Plenty of professional, knowledgeable aid workers go out of their way to ensure that burgeoning aid workers are guided, given advice, and helped as they are just appearing on the aid worker circuit, but (with the rare exception of some programs such as CRS’s fellows program) it is not institutionalized at all.

    I truly, honestly think that better treatment of entry level professionals would go a long way in making the ENTIRE profession and field more respected and highly regarded.

    • Anon 8 August, 2010 at 4:34 am #

      Agree whole heartedly with Rachel. Aid workers want to be seen as professional yet to enter the profession you have to practically live off charity yourself. From my experience working in HQ of a well known UK charity, there does exist a rather elitist privileged culture which I felt came about from the fact that many people there were quite “posh” as we would say in the UK, smart no doubt, but terribly posh and everything that goes with it. Most people got their job through a connection and others having the support network to be able to afford years of “volunteering”.

      Maybe people call aid workers “elitist” because of this, not because of the work you try to do but of how people usually end up becoming aid workers.
      Frankly I am getting very discouraged and annoyed that in order to work in development, I have to be part of this.

  12. Shannon 4 August, 2010 at 8:23 pm #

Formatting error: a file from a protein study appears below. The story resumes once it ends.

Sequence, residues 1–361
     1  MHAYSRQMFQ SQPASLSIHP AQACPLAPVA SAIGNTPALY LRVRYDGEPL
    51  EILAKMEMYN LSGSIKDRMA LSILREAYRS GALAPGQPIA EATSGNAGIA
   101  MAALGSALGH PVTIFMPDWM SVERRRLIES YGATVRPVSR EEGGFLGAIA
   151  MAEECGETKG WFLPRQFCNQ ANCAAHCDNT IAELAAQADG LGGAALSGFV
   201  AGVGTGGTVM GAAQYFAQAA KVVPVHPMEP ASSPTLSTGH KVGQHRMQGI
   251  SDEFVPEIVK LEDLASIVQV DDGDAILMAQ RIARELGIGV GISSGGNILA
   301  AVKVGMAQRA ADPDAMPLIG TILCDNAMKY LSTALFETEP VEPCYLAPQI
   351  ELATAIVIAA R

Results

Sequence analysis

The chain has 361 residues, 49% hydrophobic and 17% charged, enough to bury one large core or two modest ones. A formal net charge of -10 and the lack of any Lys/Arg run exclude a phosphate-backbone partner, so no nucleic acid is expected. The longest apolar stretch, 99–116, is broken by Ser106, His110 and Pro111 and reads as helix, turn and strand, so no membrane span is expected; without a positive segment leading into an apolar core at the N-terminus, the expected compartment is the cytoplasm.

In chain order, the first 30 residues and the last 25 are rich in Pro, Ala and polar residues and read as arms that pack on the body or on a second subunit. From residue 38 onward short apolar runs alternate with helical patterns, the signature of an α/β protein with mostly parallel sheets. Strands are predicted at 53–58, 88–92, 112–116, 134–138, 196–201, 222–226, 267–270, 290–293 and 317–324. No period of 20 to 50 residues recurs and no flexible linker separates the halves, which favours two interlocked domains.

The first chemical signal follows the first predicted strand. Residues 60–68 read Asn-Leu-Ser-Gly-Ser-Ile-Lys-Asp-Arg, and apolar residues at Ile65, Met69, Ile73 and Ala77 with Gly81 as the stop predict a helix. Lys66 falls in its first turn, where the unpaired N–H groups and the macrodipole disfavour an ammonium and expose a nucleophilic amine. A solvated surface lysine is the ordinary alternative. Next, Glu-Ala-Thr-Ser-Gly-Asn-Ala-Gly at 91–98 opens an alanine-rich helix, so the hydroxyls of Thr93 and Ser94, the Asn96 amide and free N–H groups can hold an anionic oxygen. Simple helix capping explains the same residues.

I completely agree with this blog, as I saw many disaster tourists show up in Haiti equiped with nothing but matching track suits. The lack of training, knowledge and resources resulted in rape, prostitution (including child prostitution), and the strong litterally beating the weak for goods thrown out the bag of a van. Incredibly infuriating.

    I have also been called an Elitist for thinking that this field should be more regulated….most notably by readers of a Lonely Planet article encouraging people to become disaster tourists. Also by friends who are frustrated when my reply to their emails saying, “how do I help” is, “get trained and join an experienced NGO”.

    I’m currently looking into how to regulate entry into disaster zones in order to protect disaster survivors from these sincerely good hearted people who have no training. Hopefully OCHA will agree and take necessary steps.

    Keep up the blogging. Being a relief worker myself, I see a lot of my own experiences and frustrations mirrored in your writing. Glad to know that I’m not alone!

Trackbacks/Pingbacks